Sophie Newman

Issue 14


He will seem to be hovering motionless in the air.
Where then, is our frame of reference?
Men of science believe in a luminiferous ether.
The ether itself remains motionless as the light
like the wind through a grove of trees.

If there be any relative motion
between the earth and the luminiferous space,
it must be quite small.
Suppose we fasten a balloon by a string.
Suppose the time needed by light to traverse space.
For the speed of light always remains the same.

Interesting things happen to such objects.
The dot-man is taking a walk.
Since he would be familiar only with a two-dimensional world,
the ball would resemble a pancake.
The answer to all three questions is “yes.”

For one thing, the speed of light is the ultimate speed.
Also, we must remember that at speeds approaching that of light, time is
slowed up.
The observer inside the box would discover that he is in a gravitational forecefield
Just what happened to the dot-man,
who had returned to the place from which he started out?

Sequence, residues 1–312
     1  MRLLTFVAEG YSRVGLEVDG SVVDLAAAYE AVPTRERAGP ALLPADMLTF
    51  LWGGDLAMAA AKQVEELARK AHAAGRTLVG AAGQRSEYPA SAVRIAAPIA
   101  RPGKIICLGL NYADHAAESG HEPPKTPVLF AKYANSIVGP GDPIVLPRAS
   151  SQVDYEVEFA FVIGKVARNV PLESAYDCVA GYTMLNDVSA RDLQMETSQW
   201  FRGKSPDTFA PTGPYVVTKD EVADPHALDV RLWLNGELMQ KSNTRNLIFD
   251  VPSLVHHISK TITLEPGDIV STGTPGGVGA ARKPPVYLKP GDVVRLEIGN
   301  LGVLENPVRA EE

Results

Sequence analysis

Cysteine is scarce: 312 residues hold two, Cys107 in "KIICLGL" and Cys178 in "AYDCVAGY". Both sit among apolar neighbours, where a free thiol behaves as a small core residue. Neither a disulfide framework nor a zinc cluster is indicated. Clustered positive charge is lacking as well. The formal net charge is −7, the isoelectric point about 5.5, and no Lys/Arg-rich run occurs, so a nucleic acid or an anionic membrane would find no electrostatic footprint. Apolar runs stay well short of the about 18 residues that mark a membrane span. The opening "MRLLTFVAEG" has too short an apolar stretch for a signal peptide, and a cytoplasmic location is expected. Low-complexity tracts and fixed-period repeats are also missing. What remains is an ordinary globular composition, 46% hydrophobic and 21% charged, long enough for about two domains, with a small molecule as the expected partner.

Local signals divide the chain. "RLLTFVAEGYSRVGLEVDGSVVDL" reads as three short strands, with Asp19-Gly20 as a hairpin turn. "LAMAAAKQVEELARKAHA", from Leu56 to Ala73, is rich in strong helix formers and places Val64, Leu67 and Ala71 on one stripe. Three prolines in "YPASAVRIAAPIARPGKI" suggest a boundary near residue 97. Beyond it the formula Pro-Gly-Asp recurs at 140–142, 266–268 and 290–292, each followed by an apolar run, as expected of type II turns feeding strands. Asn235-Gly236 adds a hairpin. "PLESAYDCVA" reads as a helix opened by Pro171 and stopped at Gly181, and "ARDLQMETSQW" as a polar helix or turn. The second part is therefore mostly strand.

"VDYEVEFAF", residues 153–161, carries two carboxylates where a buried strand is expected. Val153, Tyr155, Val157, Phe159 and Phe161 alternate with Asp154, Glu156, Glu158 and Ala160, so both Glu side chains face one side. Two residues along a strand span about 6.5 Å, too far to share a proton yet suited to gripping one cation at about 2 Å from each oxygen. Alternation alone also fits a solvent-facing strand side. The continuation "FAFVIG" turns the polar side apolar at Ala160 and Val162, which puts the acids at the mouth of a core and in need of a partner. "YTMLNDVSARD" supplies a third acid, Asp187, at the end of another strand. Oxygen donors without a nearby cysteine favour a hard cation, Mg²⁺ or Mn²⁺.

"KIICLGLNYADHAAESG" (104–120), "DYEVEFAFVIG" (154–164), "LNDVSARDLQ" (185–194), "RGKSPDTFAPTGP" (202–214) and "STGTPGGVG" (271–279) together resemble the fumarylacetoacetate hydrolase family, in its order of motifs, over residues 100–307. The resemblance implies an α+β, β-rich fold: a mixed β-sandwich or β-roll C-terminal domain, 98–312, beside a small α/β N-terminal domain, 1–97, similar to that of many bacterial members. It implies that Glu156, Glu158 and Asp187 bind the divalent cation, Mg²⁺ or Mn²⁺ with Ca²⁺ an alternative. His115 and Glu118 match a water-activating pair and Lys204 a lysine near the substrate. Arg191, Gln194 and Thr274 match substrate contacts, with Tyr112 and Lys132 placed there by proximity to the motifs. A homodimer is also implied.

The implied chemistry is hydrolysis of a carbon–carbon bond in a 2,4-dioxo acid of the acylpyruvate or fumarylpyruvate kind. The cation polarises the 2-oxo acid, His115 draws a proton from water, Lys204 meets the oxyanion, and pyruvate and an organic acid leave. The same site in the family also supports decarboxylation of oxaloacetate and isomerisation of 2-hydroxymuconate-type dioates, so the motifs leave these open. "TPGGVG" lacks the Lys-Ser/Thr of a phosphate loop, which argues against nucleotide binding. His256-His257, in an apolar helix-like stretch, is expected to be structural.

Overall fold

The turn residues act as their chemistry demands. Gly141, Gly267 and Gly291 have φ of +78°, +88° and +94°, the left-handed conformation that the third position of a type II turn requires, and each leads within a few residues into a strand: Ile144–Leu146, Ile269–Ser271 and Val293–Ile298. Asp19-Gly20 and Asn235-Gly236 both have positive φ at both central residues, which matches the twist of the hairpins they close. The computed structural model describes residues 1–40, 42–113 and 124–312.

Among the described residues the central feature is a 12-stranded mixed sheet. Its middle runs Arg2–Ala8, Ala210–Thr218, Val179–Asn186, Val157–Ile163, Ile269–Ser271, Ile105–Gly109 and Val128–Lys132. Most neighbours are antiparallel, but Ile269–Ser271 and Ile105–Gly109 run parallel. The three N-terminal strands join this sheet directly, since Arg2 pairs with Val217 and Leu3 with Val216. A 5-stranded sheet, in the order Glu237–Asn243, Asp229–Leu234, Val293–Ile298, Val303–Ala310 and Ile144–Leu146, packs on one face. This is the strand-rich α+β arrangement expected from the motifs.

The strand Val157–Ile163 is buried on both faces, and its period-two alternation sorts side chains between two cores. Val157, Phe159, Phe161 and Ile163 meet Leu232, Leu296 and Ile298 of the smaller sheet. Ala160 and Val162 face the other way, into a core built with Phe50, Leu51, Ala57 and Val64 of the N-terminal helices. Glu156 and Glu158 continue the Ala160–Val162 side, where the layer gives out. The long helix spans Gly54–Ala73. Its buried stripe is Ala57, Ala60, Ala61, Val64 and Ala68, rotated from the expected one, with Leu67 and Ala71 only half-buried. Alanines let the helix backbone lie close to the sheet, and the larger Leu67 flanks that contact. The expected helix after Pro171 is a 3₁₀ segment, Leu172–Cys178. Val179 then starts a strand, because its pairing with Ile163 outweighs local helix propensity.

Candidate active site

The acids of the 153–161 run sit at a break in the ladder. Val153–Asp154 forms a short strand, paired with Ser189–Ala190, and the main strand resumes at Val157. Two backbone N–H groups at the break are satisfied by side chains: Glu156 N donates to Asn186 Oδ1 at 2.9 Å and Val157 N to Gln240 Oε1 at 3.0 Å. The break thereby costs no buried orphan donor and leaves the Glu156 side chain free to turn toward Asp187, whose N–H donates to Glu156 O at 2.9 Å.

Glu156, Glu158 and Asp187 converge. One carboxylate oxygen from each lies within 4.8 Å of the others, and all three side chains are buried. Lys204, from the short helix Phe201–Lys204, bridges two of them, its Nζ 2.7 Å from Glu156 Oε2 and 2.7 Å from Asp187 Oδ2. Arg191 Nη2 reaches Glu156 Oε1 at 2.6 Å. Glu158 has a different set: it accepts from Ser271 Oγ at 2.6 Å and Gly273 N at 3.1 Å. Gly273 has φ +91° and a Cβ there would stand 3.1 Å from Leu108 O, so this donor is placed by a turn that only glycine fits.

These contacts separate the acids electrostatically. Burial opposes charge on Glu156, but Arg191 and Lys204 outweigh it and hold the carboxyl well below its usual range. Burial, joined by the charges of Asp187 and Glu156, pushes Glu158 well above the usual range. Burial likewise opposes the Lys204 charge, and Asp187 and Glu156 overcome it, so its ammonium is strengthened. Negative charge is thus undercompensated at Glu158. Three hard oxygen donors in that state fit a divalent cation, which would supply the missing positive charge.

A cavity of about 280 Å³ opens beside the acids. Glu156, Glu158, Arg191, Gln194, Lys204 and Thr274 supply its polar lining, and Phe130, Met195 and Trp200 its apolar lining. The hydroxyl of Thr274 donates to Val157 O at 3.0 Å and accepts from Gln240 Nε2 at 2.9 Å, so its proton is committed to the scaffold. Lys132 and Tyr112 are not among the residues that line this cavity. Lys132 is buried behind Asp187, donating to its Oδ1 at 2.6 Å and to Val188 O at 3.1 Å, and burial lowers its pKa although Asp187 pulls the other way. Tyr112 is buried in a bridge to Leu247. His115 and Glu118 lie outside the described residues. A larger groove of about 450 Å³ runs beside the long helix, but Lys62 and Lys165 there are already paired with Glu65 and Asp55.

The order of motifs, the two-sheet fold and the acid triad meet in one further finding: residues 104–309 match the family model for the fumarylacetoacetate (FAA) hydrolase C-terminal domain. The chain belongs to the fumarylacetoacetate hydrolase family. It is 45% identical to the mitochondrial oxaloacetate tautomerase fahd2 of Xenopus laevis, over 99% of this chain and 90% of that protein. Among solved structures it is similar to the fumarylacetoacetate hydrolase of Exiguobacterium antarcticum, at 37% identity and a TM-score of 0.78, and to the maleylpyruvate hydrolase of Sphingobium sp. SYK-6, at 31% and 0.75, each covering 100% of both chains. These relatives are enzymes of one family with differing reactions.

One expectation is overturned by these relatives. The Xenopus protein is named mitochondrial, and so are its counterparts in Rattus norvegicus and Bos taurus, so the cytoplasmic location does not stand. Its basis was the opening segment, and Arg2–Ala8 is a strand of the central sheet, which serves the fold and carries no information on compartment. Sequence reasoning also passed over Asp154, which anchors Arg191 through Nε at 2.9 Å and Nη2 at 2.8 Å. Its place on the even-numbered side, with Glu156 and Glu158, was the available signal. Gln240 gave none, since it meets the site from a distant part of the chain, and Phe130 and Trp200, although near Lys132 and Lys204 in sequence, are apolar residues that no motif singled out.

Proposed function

Source: The Book of Popular Science, Volume 4

Method: I am fascinated by old science texts and found this one on the shelves of a friend’s house. I was drawn to the section on the theories of relativity partially because I realized I lacked this foundational scientific knowledge. While reading, I was struck by the weight of some of the language that, while technical, traverses the realms of the mysterious and cosmic. I highlighted phrases I found surprisingly lyrical, then cut, re-ordered, and clarified where necessary.

Sophie Newman is an incoming MFA candidate in creative nonfiction at The Ohio State University. Born in Berkeley and raised on the Central California Coast, she moved to Houston to earn her B.A. in English from Rice University, where she was the recipient of the Inprint Marion Barthelme Prize in Creative Writing.